Benefits of technology in cleaning: what education can learn from cobotics

  • 20th June 2024

We look at the ways technology – such as floor-cleaning robots – can help to keep educational facilities clean and hygienic

Kristal Goodwin, national sales manager for Robert Scott’s cobotics division

Educational facilities can provide a range of unique challenges for estates and facilities management professionals, from ensuring high-footfall locations are always safe and clean despite hundreds of young people moving from class to class, to making sure cleaning and maintenance regimes fit around class timetables.

Here, Kristal Goodwin, national sales manager for Robert Scott’s cobotics division, explores how cutting-edge cleaning robots could be the perfect partner for operatives working in these environments.

A growing trend

The cleaning sector is experiencing a significant transformation with the introduction of advanced robotics and intelligent management systems.

Smart connected technologies, the rise of the Internet of Things, and the development of AI have all made the switch to automated systems more straightforward.

Household-name brands have helped boost adoption within the consumer sector and now the commercial cleaning sector – not least in educational settings – is beginning to gain similar momentum.

This adoption is also being seen across Google Trends, which have shown a decline in inquiries for ‘deep cleaning services’ over the course of 2021 and 2022, with searches for ‘robot vacuum’ growing by 120%.

These technological innovations offer clear advantages and are particularly beneficial in environments requiring regular sanitation. Educational facilities, for example, represent a unique setting where autonomous cleaning robots can enhance cleanliness and safety in spaces used by both students and staff.

Robotic cleaning solutions offer an efficient solution for large education buildings

Integrating robots

There are a variety of robotic cleaning solutions available on the market today, each with its own benefits and limitations.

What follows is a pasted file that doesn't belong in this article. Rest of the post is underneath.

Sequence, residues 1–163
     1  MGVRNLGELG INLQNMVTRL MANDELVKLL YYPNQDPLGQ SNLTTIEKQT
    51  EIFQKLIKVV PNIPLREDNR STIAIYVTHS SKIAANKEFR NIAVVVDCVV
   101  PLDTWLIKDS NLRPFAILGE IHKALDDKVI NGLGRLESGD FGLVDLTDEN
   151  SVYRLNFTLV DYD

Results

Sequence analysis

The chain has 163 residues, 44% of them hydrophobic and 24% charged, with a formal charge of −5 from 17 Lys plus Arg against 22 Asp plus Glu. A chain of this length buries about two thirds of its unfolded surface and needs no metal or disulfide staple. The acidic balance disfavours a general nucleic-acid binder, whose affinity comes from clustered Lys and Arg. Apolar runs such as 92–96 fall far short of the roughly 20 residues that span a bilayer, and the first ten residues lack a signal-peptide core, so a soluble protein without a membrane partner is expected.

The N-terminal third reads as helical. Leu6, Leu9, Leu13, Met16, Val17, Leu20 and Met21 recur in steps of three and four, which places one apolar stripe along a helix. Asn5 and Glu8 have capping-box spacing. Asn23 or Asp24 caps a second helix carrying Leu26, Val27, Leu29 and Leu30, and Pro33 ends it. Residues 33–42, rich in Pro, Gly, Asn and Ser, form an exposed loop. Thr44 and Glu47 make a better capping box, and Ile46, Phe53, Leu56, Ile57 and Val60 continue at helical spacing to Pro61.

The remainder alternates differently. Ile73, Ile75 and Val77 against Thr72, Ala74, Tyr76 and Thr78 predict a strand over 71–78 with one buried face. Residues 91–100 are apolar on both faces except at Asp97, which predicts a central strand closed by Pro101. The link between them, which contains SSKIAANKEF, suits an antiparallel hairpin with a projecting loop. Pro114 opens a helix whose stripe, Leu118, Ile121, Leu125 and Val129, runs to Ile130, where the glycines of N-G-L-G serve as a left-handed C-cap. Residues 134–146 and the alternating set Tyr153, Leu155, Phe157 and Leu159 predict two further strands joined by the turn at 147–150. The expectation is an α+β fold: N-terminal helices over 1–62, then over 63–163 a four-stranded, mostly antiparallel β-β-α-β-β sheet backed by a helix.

Among the various approaches, cobotics – where robots collaborate with human workers – stands out as a particularly-promising field.

In educational environments, cobots are invaluable for managing the cleaning of expansive areas such as hallways, assembly rooms, and sports halls.

They not only achieve consistently-high cleaning standards, but machines also complement human labour by freeing up staff to focus on targeted cleaning tasks, such as spot cleaning and deep sanitisation.

And cobotics help to narrow the gap where cleaning staff shortages are concerned.

Cleaning, waste disposal, and other facilities management industries were expected to create 93,000 new jobs by the year 2024 according to the British Cleaning Council. However, 29% of these positions have been classified as ‘hard to fill’.

These staff challenges are being echoed across the educational sector, with 82% of facilities reporting shortages of cleaning staff, according to a UNISON survey.

Adoption of technology provides tools that help cleaning operatives do more in the time they have, and by handling fewer monotonous tasks, operatives can gain greater job satisfaction which, in turn, supports better retention levels.

Combining cleaning robots with human workers results is a much-more-efficient, flexible, and inclusive approach than systems designed solely to replace human labour.

Equipped with state-of-the-art sensors and artificial intelligence, cobots help to avoid redundant cleaning efforts and conserve resources such as water and detergents, while also minimising site management maintenance costs.

The benefits